1. Live in a Walkable Community: InSite was designed for a specific lot on Shannon Street. When it comes back to campus as student housing, the house will form a nice bridge between the college and town communities, with the solar panels providing shade over a well worn sidewalk between the two.

2. Prioritize Social Space: Over 2/3rds of the 956 square foot floor plan is dedicated to the open space of kitchen, dining room, and living room. The high cielings and continuous feel of these spaces makes the home feel much larger than its blueprint suggests, encouraging the home’s residents to spend the majority of their time together or with other community members in the social areas rather than cloistered away in the private spaces.

3. Centralize Energy Systems: All of the appliances heavy in electricity and water usage are centralized along our mechanical module to make awareness of these features a cornerstone of the house. Our solar panels are also featured prominantely, with the panels removed from the roof in a pathway that acted as a nice patio shade in SoCal. The Lumos brand panels we used are also distinct from typical panels, with spacing between the silicon cells that allows you to see through them to the sun and sky beyond.

4. Engage the Street: Our house is designed to fit into the local Vermont community. To do so from the outside, the house is clad in reclaimed barnwood over 150 years old. Many key components of the house, like the windows and roof orientation, are designed to engage shannon street specifically.

5. Use Local Materials: The floors are sugar maple woods harvested from Middlebury College forests, less than 10 miles from campus. Look closely and you can see tap holes where these trees were tapped for maple syrup! Much of the furniture was also made by Midd students. The coffee table, the benches, the punch out window seat, the bowl for the bathroom sink, and all of the dishware were made by students this summer.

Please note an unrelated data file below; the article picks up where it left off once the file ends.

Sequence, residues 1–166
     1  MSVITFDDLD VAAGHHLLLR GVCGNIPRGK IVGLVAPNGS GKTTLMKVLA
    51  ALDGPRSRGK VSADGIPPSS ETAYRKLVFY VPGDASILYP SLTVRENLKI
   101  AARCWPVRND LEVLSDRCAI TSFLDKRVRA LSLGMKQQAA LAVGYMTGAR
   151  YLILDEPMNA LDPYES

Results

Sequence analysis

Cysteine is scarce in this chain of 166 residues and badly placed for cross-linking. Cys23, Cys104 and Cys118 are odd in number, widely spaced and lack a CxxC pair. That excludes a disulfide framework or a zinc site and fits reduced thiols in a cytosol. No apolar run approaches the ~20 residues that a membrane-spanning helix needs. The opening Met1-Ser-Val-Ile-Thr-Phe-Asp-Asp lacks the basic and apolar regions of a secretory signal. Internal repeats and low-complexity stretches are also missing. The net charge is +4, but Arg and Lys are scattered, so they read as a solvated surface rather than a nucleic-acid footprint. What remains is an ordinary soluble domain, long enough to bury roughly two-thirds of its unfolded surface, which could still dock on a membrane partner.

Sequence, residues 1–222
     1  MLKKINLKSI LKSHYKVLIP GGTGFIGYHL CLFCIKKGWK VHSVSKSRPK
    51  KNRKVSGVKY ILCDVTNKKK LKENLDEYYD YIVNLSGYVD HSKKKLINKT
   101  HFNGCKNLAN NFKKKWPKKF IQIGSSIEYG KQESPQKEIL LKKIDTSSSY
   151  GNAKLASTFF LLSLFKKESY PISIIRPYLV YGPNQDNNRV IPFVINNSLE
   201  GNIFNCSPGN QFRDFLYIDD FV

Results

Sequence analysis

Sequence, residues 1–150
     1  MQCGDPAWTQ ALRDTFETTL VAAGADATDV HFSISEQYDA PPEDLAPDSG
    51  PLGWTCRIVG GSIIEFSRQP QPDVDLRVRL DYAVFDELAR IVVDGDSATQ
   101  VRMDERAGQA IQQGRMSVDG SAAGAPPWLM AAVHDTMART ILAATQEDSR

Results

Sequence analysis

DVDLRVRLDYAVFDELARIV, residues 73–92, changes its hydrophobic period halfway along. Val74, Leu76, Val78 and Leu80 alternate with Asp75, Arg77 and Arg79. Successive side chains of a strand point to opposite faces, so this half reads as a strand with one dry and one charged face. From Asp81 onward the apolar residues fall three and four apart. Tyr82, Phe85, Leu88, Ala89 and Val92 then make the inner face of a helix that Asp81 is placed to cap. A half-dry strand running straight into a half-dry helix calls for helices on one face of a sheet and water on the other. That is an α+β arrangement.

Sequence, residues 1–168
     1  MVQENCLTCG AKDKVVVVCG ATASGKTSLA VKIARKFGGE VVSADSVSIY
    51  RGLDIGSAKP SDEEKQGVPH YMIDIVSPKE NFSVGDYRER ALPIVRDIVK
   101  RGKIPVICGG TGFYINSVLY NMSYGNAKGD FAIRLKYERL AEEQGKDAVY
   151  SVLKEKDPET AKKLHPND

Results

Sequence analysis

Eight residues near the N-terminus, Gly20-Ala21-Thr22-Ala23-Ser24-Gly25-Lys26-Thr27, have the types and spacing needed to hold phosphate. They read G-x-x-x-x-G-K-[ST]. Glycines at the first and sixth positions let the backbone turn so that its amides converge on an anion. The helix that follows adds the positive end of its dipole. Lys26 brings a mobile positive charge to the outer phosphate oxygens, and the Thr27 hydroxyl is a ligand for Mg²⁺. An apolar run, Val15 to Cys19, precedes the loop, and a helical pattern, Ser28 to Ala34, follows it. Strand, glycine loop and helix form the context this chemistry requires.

The competition is now over and the judging complete. Middlebury came in 8th overall and 4th in the People’s Choice Award! An amazing victory for our small school. Many congratulations to our friends, Team Austria, for winning 1st place! The house is being deconstructed as we speak so it can be shipped back to campus. It will be student housing in the spring – so be sure to ask for a tour if you’re visiting us next semester.

Congrats to all of the Solar Decathlon teams for their hard work and contribution to the future of architecture and energy. A special shoutout to the Middlebury team, for proving the mettle of liberal arts students and our contribution to the future.

Go Team Smiley!

Otter Pup

I have a new baby sister. Well, not biologically a baby sister, but the closest I will probably ever get. This non-biological family I have found here at Middlebury goes by the name of the Otter Nonsense Players. Since getting into the group freshman year spring, it has become my familial unit far away from home. With its ups and down, the group has been there for me in times of pure joy, absolute silliness, and days of sadness. However, the sadness never lasts long with this gang of characters. And the gang is now one more strong. Last week we had auditions and I am so very excited that we welcomed in one new member, the incredibly funny and charismatic sophomore girl who already meshes with our dynamic effortlessly.

Improv has been an amazing outlet of creativity and fun throughout these past years. These last auditions were very bitter sweet, marking the second to last that I will ever take part in. When going through deliberations of the many talented and deserving candidates, I wanted to take everyone, bring as many people into the family as possible for departing. It is just too fun to not let everyone come play make believe for two hours twice a week and the occasional show when we step out of safe confines of rehearsal and make fools out of ourselves in front of hundreds.

This week’s family activity – trust falls.

This weekend’s family outing – apple picking.


Movin’ and Groovin’